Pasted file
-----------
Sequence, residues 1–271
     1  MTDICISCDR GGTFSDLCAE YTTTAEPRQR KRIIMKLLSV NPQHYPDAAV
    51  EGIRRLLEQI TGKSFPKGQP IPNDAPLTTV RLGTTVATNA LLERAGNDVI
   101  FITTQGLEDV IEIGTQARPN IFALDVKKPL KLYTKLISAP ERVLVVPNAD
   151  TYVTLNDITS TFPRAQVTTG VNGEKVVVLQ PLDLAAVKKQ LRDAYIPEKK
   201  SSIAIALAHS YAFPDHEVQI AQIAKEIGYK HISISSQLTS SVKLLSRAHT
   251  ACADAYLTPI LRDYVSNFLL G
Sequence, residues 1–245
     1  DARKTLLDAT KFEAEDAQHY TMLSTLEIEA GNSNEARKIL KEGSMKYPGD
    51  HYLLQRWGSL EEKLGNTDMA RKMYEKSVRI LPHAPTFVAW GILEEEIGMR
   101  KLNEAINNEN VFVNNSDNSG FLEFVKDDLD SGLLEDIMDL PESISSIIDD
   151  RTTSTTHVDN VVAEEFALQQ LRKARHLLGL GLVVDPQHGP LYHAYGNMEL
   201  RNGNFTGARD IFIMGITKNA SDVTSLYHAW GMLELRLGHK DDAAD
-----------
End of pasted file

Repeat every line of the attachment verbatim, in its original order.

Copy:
Sequence, residues 1–271
     1  MTDICISCDR GGTFSDLCAE YTTTAEPRQR KRIIMKLLSV NPQHYPDAAV
    51  EGIRRLLEQI TGKSFPKGQP IPNDAPLTTV RLGTTVATNA LLERAGNDVI
   101  FITTQGLEDV IEIGTQARPN IFALDVKKPL KLYTKLISAP ERVLVVPNAD
   151  TYVTLNDITS TFPRAQVTTG VNGEKVVVLQ PLDLAAVKKQ LRDAYIPEKK
   201  SSIAIALAHS YAFPDHEVQI AQIAKEIGYK HISISSQLTS SVKLLSRAHT
   251  ACADAYLTPI LRDYVSNFLL G
Sequence, residues 1–245
     1  DARKTLLDAT KFEAEDAQHY TMLSTLEIEA GNSNEARKIL KEGSMKYPGD
    51  HYLLQRWGSL EEKLGNTDMA RKMYEKSVRI LPHAPTFVAW GILEEEIGMR
   101  KLNEAINNEN VFVNNSDNSG FLEFVKDDLD SGLLEDIMDL PESISSIIDD
   151  RTTSTTHVDN VVAEEFALQQ LRKARHLLGL GLVVDPQHGP LYHAYGNMEL
   201  RNGNFTGARD IFIMGITKNA SDVTSLYHAW GMLELRLGHK DDAAD